Strategies for patenting personalised medicine and companion diagnostics in China
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Strategies for patenting personalised medicine and companion diagnostics in China

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Minnan (Miranda) Xie of Wanhuida Intellectual Property provides a guide to drafting patent applications in the burgeoning area of personalised medicine and companion diagnostics, thereby avoiding the ineligibility pitfall and ensuring adequate protection

Personalised medicine, which is generally considered analogous to precision medicine, is built on companion diagnostics. A companion diagnostic is a medical device, often an in vitro diagnostic (IVD), that has been primarily used to identify subgroups of patients, including:

  • Those who are most likely to benefit from a particular therapeutic product; and

  • Those who are likely to be at increased risk of serious side effects as a result of treatment with a particular therapeutic product.

Over the past few years, personalised medicine has received a lot of attention. There has been an increasing number of personalised medicine products authorised in various countries, with recommendations or requirements regarding subgroups of patients. Against this backdrop, patenting personalised medicine or inventions related to companion diagnostics has become a new strategic focus of patentees’ patent portfolio construction and part of their ‘evergreening’ strategy.

In drafting a Chinese patent application for an invention related to personalised medicine or companion diagnostics, patentees need to tread carefully so as to avoid the ineligibility pitfall and to guarantee that the granted patent has a reasonable protection scope.

Avoiding the ineligibility pitfall

Article 25.1(3) of the Chinese Patent Law explicitly provides that “methods for the diagnosis or for the treatment of diseases” are not patentable. However, drugs, medical devices, and diagnostic kits are patentable subject matter in China. Second medical use claims, which protect the repurposing of a known drug, are also patentable in China. Such claims may be drafted as Swiss-type claims, which read “Use of substance X in the manufacture of a medicament for the treatment of disease Y”.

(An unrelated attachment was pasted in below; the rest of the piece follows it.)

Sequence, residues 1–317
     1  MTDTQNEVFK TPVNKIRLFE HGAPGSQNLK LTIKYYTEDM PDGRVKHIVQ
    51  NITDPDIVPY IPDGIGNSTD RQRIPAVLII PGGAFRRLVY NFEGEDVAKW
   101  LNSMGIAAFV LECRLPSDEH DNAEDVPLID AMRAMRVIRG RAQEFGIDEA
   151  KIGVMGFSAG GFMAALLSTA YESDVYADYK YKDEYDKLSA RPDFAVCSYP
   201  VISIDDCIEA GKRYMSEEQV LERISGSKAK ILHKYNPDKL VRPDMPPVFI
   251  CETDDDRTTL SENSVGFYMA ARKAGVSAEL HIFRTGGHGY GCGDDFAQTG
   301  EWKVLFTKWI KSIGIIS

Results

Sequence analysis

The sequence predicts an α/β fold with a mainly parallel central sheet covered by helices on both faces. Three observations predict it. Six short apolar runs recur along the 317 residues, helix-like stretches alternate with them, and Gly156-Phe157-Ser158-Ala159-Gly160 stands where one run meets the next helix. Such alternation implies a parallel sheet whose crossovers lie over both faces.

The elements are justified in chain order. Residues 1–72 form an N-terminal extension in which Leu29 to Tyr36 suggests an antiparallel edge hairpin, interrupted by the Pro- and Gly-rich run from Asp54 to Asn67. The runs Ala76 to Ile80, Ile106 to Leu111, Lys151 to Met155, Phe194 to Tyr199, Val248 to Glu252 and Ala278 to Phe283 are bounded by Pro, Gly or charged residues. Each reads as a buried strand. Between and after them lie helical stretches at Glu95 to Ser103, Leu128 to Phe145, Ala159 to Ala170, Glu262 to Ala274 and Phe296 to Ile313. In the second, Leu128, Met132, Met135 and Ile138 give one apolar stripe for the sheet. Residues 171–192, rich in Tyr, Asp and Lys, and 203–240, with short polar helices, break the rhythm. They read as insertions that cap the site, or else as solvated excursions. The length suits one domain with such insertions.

Accordingly, a substance for detecting a particular biomarker that is initially used in the diagnosis of a certain disease can use the drafting approach adopted in a second medical use claim in China. Applicants could patent the discovery of a correlation between a biomarker and a disease in the following manner: “Use of a biomarker X detection reagent in the manufacture of a reagent/kit for the diagnosis of disease Y”. However, in China, in vitro diagnosis cannot be granted as method claims, which are often drafted as “a method of predicting…”, even though the test for the diagnosis is performed on in vitro samples.

Claim construction

Personalised medicine often involves collaboration between the pharmaceutical industry and the in vitro diagnostic industry, with the latter providing information that is essential for the safe and effective use of a drug or biological product manufactured by the former.

Applicants are therefore recommended to draft at least two sets of claims, targeting separately the manufacture of a medicament for treatment and the manufacture of a diagnostic kit for predicting a patient's responsiveness to treatment with a certain medicament. On top of that, applicants could seek to patent other eligible subject matters as system claims or composition claims.

Manufacture of a medicament for treatment

In China, treatment of a disease/a patient in a subgroup is allowed as technical features in Swiss-type claims. Claims may be drafted as follows: “Use of substance X in the manufacture of a medicament for the treatment of disease Y, wherein the disease Y is… [with a certain subgroup feature]” or “Use of substance X in the manufacture of a medicament for the treatment of disease Y in a patient, wherein the patient is determined to have… [with a certain feature]”.

Manufacture of a diagnostic kit